Commonwealth leaders welcomed with show of pomp and pageantry
Heads of state, high commissioners and foreign ministers have begun arriving at Buckingham Palace ahead of the Queen's opening of the Commonwealth Heads of Government Meeting (CHOGM).
A spectacle of pomp and pageantry is being staged to welcome the dignitaries, with a guard of honour and flag bearers displaying the flags of the Commonwealth's 53 member states waiting to greet them.
Amid tight security, which has seen the streets around the Queen's official London home cordoned off, motorcades began to drive into the palace forecourt.
More than 100 officers and soldiers from the Coldstream Guards are in the honour guard, wearing their famous scarlet tunics and bearskins, alongside the Band and Corps of Drums of the Coldstream Guards.
During the opening ceremony Theresa May is expected to thank the Queen for her life-long devotion to the Commonwealth affectionately known as the family of nations.
Later in the palace's ballroom presidents and prime ministers from across the globe will gather for the launch of the two-day summit, normally held every two years, to discuss the Commonwealth's most pressing issues.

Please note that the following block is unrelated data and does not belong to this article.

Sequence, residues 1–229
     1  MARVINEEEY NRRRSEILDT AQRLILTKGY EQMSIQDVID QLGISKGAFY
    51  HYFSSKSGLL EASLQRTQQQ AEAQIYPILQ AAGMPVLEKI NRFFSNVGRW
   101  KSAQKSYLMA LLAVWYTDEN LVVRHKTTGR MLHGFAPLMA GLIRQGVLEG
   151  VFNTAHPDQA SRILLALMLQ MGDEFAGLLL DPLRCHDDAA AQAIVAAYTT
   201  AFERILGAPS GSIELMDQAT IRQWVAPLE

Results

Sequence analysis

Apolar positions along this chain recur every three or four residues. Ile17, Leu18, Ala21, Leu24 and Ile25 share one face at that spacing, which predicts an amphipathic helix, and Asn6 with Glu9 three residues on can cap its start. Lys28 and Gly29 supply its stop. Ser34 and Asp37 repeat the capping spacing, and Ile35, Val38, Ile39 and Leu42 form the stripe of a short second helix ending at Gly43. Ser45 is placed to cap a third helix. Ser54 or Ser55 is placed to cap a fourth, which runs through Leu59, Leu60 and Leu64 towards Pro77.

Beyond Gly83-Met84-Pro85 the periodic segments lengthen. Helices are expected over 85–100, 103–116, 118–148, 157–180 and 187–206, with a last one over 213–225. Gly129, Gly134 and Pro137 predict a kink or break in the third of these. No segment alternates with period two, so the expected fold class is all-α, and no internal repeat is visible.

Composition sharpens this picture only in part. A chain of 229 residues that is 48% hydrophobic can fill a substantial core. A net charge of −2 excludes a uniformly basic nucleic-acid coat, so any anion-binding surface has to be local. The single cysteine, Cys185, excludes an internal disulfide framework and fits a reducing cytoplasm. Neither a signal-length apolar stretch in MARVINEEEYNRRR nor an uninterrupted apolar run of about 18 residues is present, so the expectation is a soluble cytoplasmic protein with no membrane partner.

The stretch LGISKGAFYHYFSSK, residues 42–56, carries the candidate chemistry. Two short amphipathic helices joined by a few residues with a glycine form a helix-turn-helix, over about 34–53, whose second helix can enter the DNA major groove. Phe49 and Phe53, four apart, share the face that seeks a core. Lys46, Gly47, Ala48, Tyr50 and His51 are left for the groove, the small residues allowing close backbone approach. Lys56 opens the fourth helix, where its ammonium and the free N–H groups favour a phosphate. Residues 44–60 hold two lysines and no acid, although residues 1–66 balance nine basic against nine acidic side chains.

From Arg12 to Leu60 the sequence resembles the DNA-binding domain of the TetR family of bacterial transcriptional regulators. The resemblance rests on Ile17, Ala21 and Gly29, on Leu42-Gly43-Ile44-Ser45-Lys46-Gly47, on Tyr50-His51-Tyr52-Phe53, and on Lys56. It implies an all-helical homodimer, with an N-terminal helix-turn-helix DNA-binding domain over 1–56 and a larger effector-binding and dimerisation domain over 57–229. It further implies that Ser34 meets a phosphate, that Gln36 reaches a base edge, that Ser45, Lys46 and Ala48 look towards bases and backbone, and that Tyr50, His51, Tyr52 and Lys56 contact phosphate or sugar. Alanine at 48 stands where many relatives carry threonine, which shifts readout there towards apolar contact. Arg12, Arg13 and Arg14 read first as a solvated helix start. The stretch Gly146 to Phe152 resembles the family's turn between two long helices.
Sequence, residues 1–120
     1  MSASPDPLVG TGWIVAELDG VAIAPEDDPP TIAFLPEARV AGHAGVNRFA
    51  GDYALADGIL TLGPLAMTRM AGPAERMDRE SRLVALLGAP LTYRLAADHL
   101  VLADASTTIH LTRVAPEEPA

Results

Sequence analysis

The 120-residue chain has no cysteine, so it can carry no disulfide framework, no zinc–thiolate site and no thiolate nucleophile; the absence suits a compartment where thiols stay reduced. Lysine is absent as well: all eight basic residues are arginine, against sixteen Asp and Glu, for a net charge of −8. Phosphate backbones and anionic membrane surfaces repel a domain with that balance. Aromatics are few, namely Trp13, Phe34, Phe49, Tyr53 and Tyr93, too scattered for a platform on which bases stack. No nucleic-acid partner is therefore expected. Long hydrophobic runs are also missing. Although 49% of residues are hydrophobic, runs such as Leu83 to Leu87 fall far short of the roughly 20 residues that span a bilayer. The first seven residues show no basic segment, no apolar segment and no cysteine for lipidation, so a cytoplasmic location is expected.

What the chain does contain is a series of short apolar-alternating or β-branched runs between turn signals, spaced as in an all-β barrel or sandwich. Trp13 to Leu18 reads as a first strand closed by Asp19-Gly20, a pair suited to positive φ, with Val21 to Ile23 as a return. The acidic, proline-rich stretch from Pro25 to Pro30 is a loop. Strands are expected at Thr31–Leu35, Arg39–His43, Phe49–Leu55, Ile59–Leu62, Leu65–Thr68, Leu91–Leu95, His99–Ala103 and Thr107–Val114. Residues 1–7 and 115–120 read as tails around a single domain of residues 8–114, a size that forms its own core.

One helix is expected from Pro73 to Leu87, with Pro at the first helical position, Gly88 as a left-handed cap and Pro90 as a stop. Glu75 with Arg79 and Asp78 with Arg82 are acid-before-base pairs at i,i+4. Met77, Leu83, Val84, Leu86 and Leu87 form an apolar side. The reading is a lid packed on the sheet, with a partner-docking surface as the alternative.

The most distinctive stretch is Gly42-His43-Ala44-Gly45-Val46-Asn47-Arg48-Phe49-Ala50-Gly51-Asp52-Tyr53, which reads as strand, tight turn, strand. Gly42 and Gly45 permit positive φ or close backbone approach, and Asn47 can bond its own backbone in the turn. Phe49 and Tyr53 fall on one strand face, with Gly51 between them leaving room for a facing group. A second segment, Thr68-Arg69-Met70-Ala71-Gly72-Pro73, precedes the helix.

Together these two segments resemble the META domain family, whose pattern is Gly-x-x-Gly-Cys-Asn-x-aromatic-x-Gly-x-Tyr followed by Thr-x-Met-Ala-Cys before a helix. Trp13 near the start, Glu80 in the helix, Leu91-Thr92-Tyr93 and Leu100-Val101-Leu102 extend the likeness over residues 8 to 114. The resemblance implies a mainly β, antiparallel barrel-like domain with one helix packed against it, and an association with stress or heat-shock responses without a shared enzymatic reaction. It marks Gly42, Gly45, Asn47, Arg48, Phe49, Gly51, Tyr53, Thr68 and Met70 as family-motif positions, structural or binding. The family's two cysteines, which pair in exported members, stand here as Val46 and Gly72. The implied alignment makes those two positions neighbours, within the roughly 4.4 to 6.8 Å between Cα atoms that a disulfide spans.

The Prime Minister will address the gathered delegates, as will the Queen and Prince of Wales, and she is expected to say about the Queen: "This week you have opened your homes to us - here in London and in Windsor. Over many years you have been the Commonwealth's most steadfast and fervent champion.
"You have been true to the deepest values of the Commonwealth - that the voice of the smallest member country is worth precisely as much as that of the largest; that the wealthiest and the most vulnerable stand shoulder to shoulder.
"You have seen us through some of our most serious challenges. And we commit to sustaining this Commonwealth, which you have so carefully nurtured."
At the end of their deliberations the leaders usually agree a communique on a major issue and the prime ministers and presidents may commit themselves to a blue charter on ocean conservation.
Other topics expected to be discussed range from cyber security to trade between Commonwealth nations.
Downing Street said on Monday that a decision on whether Charles should succeed his mother as Commonwealth head was expected from the heads of state on Friday, and reports have stated the mood is Charles will get their backing.
Members of the royal family who will attend the opening ceremony include the Duchess of Cornwall, Duke of Cambridge, Prince Harry, Duke of York, Princess Royal, Countess of Wessex and minor members of the royal family
Baroness Scotland, the Commonwealth Secretary-General, and Malta's Prime Minister Joseph Muscat, the out-going Commonwealth chair-in-office, will also address the guests who will include High Commissioners, Foreign Ministers, representatives from Commonwealth organisations, faith leaders and CHOGM forum delegates.